Table of Contents

  • PADERY, ETIENNE

    Anne-Marie Touzard

    (b. 1674; fl 1714-1725), Ottoman Greek who served as a translator to the French embassy at Istanbul, and as a French consul at Shiraz.

  • PĀDYĀB

    Ramiyar P. Karanjia

    a Pahlavi word meaning “ritually clean,”.

  • PAHLAVI PAPYRI

    Dieter Weber

    documents written exclusively in Egypt during the Persian (Sasanian) occupation under Ḵosrow II between 619 and 629 CE.

  • PAHLAVI PSALTER

    Philippe Gignoux

    name given to a fragment, consisting of twelve pages written on both sides, of a Middle Persian translation of the Syriac Psalter.

  • PAIRIKĀ

    Siamak Adhami

    a class of female demonic beings in the Avesta, often translated “sorceress, witch, or enchantress.”

  • PALACE ARCHITECTURE

    Dietrich Huff

    The abundant variety of styles in Iranian domestic architecture conceals a basic functional system that has remained unchanged since the Achaemenid period.

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  • PALEOLITHIC AGE IN IRAN

    Frank Hole

    The Paleolithic or ‘Old Stone Age’ begins with the first stone tools some 2.5million years ago in Africa, and it ends with the Neolithic or ‘New Stone Age,’ essentially at the beginnings of agriculture.

  • PALM READING

    Mahmoud Omidsalar

    (chiromancy or palmistry; Pers. Kaf-bini), a form of physiognomy that deduces personal characteristics from the form of the lines on the subject’s palm.

  • PANJIKANT

    Boris I. Marshak

    (Sogd. Pancyknδ), a Sogdian city, the ruins of which are located in the southern periphery of the present-day city of Panjakent in western Tajikistan. The systematic archeological excavations show that this city, situated on the rim of a high terrace overlooking a fertile, well-irrigated valley, was founded in the 5th century C.E. and was inhabited until the 770s.

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  • PAPER AND PAPERMAKING

    Willem Floor

    Such was the fame of Samarqand paper that the 10th-century text Ḥodud al-ʿālam records rather matter-of-factly that “Samarqand produces paper which is exported all over the world.” This fame lasted throughout the centuries. Samarqand was not the only town in the eastern Iranian lands to become a center of paper production.

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  • PARIḴĀN ḴĀNOM

    Manučehr Pārsādust

    (1548-1578), the second daughter of Shah Ṭahmāsp I, a politically influential and colorful figure at the Safavid court.

  • PARMENIO

    Ernst Badian

    (b. ca. 400 BCE, d. 330 BCE); probably from mountainous Upper Macedonia, he became Philip II’s most successful general.

  • PARSI COMMUNITIES i. EARLY HISTORY

    John R. Hinnells

    The creation of a Parsi settlement in India was the outcome of the migration of Zoroastrian refugees from their original homeland in medieval Islamic Persia.

  • PARSI COMMUNITIES ii. IN CALCUTTA

    Jesse S. Palsetia

    Calcutta became a center of Parsi settlement from the 18th century. Dadabhoy Behramji Banaji is recorded as the first Parsi to have come to Calcutta from Surat in western India in 1767.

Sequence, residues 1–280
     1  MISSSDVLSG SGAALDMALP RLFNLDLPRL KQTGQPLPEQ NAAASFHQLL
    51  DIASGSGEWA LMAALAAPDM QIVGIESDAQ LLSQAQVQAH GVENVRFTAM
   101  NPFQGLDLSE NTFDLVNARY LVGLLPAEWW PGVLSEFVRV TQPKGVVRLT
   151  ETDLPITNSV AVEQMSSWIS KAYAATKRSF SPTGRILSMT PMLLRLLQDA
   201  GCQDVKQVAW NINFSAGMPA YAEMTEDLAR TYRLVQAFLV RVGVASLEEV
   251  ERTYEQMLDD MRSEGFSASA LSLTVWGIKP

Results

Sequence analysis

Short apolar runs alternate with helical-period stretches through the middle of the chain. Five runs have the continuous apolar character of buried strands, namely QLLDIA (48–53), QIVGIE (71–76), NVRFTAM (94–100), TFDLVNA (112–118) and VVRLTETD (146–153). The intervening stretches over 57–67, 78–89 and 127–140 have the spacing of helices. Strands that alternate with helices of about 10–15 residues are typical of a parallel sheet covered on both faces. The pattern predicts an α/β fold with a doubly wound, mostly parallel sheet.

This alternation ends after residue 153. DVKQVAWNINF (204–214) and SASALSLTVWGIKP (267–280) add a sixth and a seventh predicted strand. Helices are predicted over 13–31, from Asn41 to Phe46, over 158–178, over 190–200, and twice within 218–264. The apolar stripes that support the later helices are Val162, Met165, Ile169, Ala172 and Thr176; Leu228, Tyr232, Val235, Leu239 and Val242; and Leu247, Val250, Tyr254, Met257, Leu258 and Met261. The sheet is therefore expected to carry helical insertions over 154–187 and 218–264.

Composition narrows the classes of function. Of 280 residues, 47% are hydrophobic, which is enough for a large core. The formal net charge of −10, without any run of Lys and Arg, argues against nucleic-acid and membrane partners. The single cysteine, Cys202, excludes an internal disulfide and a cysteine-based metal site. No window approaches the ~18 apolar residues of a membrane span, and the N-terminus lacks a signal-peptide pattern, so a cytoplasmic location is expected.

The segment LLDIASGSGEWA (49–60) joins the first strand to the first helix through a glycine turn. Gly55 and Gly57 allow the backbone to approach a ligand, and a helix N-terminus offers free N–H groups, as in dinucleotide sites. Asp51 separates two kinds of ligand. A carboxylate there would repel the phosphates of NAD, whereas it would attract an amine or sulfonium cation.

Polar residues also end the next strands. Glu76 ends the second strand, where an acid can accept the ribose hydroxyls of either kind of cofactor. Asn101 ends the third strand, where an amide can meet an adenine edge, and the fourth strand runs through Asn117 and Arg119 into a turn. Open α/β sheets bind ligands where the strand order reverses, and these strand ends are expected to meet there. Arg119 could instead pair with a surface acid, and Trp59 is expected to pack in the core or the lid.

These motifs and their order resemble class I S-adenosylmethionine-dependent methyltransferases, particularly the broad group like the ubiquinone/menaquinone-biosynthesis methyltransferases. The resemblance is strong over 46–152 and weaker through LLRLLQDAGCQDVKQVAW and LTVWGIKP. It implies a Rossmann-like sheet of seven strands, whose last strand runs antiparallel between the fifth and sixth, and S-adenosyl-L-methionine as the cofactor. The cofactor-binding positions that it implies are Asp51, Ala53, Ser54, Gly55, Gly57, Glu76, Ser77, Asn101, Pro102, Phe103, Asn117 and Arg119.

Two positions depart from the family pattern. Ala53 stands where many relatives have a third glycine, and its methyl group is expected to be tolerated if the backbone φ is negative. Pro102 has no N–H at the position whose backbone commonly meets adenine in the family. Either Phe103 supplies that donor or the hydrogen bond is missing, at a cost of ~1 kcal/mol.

• PASARGADAE

    David Stronach and Hilary Gopnik

    capital city and last resting place of Cyrus the Great (r. 559-530 BCE), located in northern Fārs in the fertile and well-watered Dasht-i Murghab (Dašt-e morḡāb), the site stands 1,900 m above sea level at 30°15’ N and 53°14’ E.

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  • PAUL THE PERSIAN

    Byard Bennett

    writer at the time of the Nestorian Patriarch Ezekiel (567-580 C.E.), well versed in ecclesiastical and philosophical matters.

  • PAYĀM-E MAŠREQ

    David Matthews

    Title of a collection of Persian verse by Muhammad Iqbal.

  • PAYANDEH, ABU’L-QASEM

    Ṣafdar Taqizāda

    (1908/1911-1984), journalist, translator, and fiction writer.

  • PEARL i. PRE-ISLAMIC PERIOD

    Brigitte Musche

    i. PRE-ISLAMIC PERIOD The oldest find of pearls in Persia comes from Tepe Giyan in Luristan, from levels dated to the mid-second millennium BCE.

  • PEARL ii. ISLAMIC PERIOD

    Daniel T. Potts

    ii. ISLAMIC PERIOD In the Islamic era pearls have been widely used—strung to make necklaces or sewn onto textiles, used to decorate hats, crowns, daggers, and scabbards.

  • PELLIOT, PAUL

    Samuel Lieu

    (1878-1945), French orientalist who particularly contributed to the study of the languages and  history of the diverse religions and cultures of Central Asia.

  • PEPPER

    Cross-Reference

    See FELFEL.

  • PERICLES

    Ernst Badian

    (ca. 495-429 BCE), Athenian politician and commander in the period after the major victories over the forces of Xerxes I.

  • PERIKHANIAN, ANAHIT

    Arthur Ambartsumian

    (1928-2012), scholar of Iranian studies, specializing in Sasanian jurisprudence, history, and society. 


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  • PERSEPOLIS

    A. Shapur Shahbazi

    Ruined monuments of the acropolis of the city of Pārsa, the dynastic center of the Achaemenid Persian kings, located in the plain of Marvdašt, some 57 km northwest of Shiraz.

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  • PERSEPOLIS ELAMITE TABLETS

    Muhammad Dandamayev